Tuesday, October 13, 2009

More Real Life Curves

At least it's NOT health-related.

But life-changing? Oh yeah!

I've written before about my five adopted daughters. All but one came to me with significant emotional issues. Over time, some of those issues resolved. Some didn't. But resolved or not, eventually all five girls left home to make their way in the world as adults.

My most seriously-disturbed daughter has always had a sad and chaotic life. Unfortunately, she has four children who share in that life. Last week, the chaos became too great and the state stepped in.

The end result is that two children went with one father and two others went with another.

But one of those fathers was not in a residential setting conducive to rearing children.

Which explains how Grace, after finally living all by herself and loving it, now has a six year old and a seven year old, along with their father, sharing her home.

It IS an adjustment!

And it DOES affect my finances.

The heating bills are going up. The food expenses are increasing. And I'd forgotten all those niggling school costs that hit you every time you turn around--school lunches, PTA, Gift wrap and cookie sales, field trips, birthday parties, etc.

One one hand, I love having my grandchildren around, and knowing that they are safe. On the other hand, I get to kiss my free time and savings good-by.

I'm not sure how long this is going to last, but several months at least.


Linda said...

We never stop being parents, do we, even if the people we're parenting at times are our grandchildren. Although our situation is a little different than yours, one of our granddaughters is fragile and requires many therapies and hospitalizations, which means that her mother, our daughter, can't work full time. (To prospective employer: Oh, I need off next Tuesday for my daughter's speech therapy, Wednesday to go to Texas Children's for an audiology appointment and to her school for her meeting with the group that oversees her goals, next Thursday to bring my other daughter to Texas Children's to see her neurologist, etc.) It also means her expenses have been far more than her income at times, and that she needs lots of extra help with that and with childcare. Who else can babysit a deaf five-year-old with a metabolic disorder, with a special protocol to hand to the ER doctors should she fall ill, and her eight-year-old sister on medications for migraines and a mood disorder? Sometimes I find I'm chastising myself for the situation, somehow, as if I somehow failed to plan appropriately. I hope you don't do that. No one plans for these kinds of situations. Give yourself some pats on the back for being able to be there for your children and grandchildren and don't feel alone. You must be a great woman with an open heart.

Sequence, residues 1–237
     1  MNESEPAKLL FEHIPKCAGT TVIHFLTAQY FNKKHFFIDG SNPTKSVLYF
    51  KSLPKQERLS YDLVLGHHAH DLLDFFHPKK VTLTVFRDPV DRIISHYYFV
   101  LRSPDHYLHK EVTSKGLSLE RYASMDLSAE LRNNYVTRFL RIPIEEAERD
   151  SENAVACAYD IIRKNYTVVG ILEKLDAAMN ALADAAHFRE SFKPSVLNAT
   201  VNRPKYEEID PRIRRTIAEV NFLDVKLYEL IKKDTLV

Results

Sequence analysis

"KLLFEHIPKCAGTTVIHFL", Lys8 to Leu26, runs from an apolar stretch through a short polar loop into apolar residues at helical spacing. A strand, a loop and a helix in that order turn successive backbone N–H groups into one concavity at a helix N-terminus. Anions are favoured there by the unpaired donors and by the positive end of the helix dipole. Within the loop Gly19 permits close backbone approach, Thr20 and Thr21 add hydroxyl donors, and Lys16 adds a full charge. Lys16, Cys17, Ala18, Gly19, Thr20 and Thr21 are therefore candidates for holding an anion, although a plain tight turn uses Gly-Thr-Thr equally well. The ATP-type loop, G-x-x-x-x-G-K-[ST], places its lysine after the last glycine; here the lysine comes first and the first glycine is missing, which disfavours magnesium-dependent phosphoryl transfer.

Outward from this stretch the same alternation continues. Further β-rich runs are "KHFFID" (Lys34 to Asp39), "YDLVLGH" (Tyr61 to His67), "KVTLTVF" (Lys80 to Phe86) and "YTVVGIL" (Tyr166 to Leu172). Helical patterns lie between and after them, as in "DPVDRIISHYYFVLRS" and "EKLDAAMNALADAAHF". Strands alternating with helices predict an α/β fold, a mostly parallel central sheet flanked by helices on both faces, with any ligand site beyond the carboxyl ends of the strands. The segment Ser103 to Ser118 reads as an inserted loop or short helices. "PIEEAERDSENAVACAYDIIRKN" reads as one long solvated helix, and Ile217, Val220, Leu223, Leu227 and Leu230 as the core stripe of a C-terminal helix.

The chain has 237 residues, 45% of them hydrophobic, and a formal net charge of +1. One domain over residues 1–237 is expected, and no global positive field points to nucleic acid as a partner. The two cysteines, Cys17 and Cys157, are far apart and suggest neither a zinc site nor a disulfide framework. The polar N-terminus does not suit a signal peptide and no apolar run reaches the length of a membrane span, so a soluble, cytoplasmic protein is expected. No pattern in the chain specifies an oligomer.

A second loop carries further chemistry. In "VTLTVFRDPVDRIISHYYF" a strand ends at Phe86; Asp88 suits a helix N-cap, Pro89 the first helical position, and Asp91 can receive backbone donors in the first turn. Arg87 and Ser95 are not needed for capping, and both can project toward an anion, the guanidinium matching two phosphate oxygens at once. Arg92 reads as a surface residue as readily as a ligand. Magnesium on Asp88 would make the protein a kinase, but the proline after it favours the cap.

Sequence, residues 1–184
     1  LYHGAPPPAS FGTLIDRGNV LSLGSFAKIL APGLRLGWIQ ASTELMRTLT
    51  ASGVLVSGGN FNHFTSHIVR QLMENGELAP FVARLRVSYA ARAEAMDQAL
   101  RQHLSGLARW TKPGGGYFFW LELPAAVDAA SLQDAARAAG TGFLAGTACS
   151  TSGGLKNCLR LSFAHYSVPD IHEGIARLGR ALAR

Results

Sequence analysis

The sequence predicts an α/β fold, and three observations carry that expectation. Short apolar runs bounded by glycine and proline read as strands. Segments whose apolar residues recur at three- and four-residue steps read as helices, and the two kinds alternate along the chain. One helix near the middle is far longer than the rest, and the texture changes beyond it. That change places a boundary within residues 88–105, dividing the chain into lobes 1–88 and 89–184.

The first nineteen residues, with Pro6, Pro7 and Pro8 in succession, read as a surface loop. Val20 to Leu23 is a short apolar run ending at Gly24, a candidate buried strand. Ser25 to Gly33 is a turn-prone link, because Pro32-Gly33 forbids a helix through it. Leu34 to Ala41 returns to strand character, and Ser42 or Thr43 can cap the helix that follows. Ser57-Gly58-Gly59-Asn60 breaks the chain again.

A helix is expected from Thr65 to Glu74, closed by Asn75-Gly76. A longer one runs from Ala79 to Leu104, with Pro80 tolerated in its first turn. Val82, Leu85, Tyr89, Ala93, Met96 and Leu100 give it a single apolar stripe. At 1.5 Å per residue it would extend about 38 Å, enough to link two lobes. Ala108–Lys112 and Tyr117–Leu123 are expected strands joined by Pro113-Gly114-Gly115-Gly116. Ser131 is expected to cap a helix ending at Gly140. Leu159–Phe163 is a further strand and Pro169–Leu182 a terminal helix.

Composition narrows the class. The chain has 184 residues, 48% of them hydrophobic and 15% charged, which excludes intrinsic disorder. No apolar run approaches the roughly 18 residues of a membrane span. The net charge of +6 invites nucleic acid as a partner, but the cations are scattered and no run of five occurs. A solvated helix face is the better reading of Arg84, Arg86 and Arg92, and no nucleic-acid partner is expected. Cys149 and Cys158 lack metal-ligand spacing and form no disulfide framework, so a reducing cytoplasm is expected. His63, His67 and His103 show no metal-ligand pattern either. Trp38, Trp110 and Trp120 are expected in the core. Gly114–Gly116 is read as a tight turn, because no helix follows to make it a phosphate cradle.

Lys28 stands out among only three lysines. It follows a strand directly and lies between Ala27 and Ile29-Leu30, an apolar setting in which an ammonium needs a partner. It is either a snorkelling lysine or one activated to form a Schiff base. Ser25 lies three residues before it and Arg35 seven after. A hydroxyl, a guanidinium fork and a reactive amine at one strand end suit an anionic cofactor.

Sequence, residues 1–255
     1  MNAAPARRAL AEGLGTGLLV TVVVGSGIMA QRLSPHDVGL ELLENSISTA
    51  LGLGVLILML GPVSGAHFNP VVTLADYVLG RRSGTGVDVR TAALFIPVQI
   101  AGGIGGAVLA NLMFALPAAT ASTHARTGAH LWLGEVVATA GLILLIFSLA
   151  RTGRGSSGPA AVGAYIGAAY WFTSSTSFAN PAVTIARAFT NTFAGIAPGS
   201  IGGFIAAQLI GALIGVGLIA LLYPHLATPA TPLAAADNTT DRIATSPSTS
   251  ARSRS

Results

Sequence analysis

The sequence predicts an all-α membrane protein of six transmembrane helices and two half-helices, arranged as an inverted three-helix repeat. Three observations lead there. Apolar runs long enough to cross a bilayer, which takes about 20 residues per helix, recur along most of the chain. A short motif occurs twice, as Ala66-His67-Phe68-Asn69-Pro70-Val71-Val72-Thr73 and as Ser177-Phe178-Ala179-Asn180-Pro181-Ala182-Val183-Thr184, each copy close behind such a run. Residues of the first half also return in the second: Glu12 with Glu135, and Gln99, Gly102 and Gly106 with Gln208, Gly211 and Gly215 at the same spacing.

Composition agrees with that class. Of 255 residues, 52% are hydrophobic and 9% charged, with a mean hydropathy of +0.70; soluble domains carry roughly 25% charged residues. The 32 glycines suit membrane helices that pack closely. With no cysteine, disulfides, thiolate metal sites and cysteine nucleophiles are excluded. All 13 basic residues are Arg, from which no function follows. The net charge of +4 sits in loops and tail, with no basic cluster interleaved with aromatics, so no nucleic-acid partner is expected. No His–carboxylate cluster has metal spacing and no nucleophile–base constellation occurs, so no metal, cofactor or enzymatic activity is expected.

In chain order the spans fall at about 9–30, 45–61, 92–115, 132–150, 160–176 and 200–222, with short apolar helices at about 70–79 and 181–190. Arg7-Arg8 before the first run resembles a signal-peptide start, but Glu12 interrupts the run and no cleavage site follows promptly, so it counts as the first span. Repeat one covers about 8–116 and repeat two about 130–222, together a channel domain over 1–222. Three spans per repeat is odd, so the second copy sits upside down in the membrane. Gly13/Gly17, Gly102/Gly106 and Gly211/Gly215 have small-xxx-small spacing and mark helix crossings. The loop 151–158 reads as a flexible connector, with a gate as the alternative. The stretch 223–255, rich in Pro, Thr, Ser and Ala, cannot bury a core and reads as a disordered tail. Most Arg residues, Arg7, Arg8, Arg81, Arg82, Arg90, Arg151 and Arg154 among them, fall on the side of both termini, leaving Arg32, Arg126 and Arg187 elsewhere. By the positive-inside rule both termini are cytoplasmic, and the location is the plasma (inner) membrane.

Living Almost Large said...

Good luck with this new curve ball.

Dawn said...

Wow. That is incredibly life changing. Sounds like you are up to the challenge, but I understand completely about missing your free time and your space.

frugal zeitgeist said...

Grace, you are so giving. Please take care of yourself during this wonderful and very challenging time.

Florence said...

God bless your sweet, caring heart. Take care of yourself during this time; it is bound to be a challenge.

Did it MY way said...

You are a saint. Good luck, and God Bless.

Bucksome said...

How generous of you to provide a home not only for your grandkids but also for their father.

Your headline says it all.

Shevy said...

This is definitely a challenge. I know the joy and the fatigue of taking care of granddaughters and of living with them. I, however, am in the more fortunate position of sharing a home with them by choice rather than circumstance. And both their parents support them financially and take care of them the bulk of the time.

When you're tired you need to just sit back and remember that you're building solid memories for your grandkids to take with them in their chaotic lives.

Oh, and I hear you about the nickel & diming from the school. It seems that I never received the (once a month) hot lunch form. It has to be in tomorrow morning, with full payment of course, or Dear Child doesn't get hot lunch next week!

Sharon said...

Whew. That's a lot on your plate. How are your other grandchildren and your daughter doing? That must be terribly hard for you, I can't even imagine. Does the father work so he can help you out with expenses? My thoughts and prayers are with you so that this can resolve itself sooner rather than later, so your plans don't get pushed to the side for too long!

Anonymous said...

Bravo for helping (again). Sorry it came to that.

Revanche said...

Oh my goodness, is there anything we can do to help?

Anonymous said...

Sorry, Grace, but I can't agree what you have done is going to help anyone. You took on the challenge of the original emotionally disturbed child and you failed. Not that anyone likely would have succeeded, but the fact is you failed. She went out, had four more children by two fathers, and saddled the state (the taxpayers) and you with the mess. This father was in a living situation not suitable for a parent. Yet he IS a parent. Is he supporting these children? If not, he should be out there every day looking for a job and he should not get a free ride from you or the state.

These people and the others like them are one of the major problems this country faces. Personal responsibility has gone by the wayside. Instead, we get excuses for every socially unacceptable behavior under the sun. Everyone who has a hard time functioning in society is now "emotionally disturbed."